Beating the ‘back-to-work’ blues

As people trickle back into work, they may be feeling a vague sense of gloom. What can you do to alleviate the ‘back-to-work’ blues?

Beating the ‘back-to-work’ blues

As people head back inside to the office, they may be feeling a vague sense of gloom at the end of their summer break. The good news is that, when playtime is over, there are things you can do to lighten the effect of the ‘back-to-work’ blues.

Judi Clements, chief executive of the Mental Health Foundation, recommended that people take care of themselves on the return to work, and that they should plan for their next holiday. “Try thinking about when your next break is so you’re not contemplating an endless work period without any break,” she told the New Zealand Herald.

If the blues persist, she advised people should see their doctor. She warned that this could be symptomatic of depression or anxiety.

Barbara Griffins, psychology lecturer at Macquarie University, told Radio New Zealand that the positive impact of a holiday could ‘fade-out’ quite quickly – within three to four weeks. However pursuing leisure activities after returning to work can be a big help. “Some of the fade-out effects are reduced if we continue to engage in relaxation activities when we leave work for the day,” she counselled.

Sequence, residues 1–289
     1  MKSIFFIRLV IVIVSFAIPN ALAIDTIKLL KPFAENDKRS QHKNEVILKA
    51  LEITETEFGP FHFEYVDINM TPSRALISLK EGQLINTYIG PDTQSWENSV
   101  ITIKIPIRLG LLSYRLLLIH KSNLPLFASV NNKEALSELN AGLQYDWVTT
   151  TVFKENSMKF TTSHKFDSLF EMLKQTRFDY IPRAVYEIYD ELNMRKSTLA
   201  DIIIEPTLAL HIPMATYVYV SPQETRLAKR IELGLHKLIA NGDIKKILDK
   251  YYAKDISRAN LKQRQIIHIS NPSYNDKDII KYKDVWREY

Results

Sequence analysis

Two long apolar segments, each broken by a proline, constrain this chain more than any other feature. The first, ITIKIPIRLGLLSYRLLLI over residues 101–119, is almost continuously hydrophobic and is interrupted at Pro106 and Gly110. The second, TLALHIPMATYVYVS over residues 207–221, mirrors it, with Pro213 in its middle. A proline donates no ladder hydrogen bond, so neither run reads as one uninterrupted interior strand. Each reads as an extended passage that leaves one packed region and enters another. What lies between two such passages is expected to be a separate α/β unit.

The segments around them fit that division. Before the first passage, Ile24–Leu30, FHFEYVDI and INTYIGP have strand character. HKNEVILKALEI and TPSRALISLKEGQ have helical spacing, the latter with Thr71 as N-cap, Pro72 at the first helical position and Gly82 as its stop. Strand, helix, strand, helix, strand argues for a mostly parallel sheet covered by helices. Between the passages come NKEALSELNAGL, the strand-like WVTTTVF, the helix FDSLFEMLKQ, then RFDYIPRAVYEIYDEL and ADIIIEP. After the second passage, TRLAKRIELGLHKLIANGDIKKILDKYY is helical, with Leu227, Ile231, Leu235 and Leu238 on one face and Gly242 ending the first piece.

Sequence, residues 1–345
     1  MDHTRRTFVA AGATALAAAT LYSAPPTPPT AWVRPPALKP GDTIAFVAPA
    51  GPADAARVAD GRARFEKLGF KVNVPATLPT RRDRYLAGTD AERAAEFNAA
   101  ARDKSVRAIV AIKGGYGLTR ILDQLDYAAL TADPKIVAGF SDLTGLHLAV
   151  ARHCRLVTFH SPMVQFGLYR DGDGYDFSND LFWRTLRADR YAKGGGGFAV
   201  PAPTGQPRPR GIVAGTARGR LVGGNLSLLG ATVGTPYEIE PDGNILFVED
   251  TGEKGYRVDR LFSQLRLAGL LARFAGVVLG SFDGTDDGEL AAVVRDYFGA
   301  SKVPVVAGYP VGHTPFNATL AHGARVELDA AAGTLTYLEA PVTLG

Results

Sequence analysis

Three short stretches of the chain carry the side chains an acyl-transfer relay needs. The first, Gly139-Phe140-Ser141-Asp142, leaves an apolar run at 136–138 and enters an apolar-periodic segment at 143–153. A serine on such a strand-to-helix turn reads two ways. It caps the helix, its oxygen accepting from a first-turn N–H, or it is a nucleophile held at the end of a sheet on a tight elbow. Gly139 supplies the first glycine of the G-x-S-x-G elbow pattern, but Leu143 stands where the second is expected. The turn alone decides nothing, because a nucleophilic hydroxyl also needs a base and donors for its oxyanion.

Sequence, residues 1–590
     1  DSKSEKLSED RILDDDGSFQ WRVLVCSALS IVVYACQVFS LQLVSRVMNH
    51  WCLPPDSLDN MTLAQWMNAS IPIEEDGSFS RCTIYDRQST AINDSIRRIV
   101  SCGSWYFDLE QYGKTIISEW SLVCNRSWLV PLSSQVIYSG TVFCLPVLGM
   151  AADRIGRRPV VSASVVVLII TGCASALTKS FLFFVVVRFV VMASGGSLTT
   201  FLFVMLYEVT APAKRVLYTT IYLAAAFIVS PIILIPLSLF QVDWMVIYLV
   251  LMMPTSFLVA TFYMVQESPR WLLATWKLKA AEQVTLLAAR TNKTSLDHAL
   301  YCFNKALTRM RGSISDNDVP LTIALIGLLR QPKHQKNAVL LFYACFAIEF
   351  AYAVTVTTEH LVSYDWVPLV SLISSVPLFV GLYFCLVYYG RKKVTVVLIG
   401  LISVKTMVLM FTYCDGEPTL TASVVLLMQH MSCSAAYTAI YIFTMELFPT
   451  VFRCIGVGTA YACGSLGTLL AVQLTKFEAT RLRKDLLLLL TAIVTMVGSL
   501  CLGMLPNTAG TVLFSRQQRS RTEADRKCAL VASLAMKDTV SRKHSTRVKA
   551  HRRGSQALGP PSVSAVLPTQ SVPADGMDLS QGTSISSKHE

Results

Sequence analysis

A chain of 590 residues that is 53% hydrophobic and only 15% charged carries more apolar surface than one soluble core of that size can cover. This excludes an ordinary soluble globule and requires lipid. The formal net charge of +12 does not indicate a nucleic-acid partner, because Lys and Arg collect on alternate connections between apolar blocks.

Like Clements, Griffins suggested that thinking about your next holiday can help. She also mentioned that spacing out holidays could spread out their positive impact. “There is some research to say that the positive effect of holidays can occur for either a short holiday – like 4-6 days – or a longer holiday,” she explained.

Although the advice probably comes a little late, she observed that engaging in work-related activities while on holiday can erode its positive effects, and quicken the fade-out.

Definitely do not decide against taking holidays in the future to avoid the ‘back-to-work’ blues, however. “There’s plenty of evidence to show that holidays have a long-term positive effect and that they are really actually important to take,” according to Griffins.

Beating the ‘back-to-work’ blues:

  • Take care of yourselves on the return to work: eat well, sleep well, exercise.
  • Perhaps begin planning your next break – even if it’s just a short one.
  • Pursue leisure activities outside of work when you do go back.
  • Make sure that your holidays are genuine holidays in order to maximise their benefits.
  • Seek advice from your doctor if the ‘back-to-work’ blues fail to dissipate.

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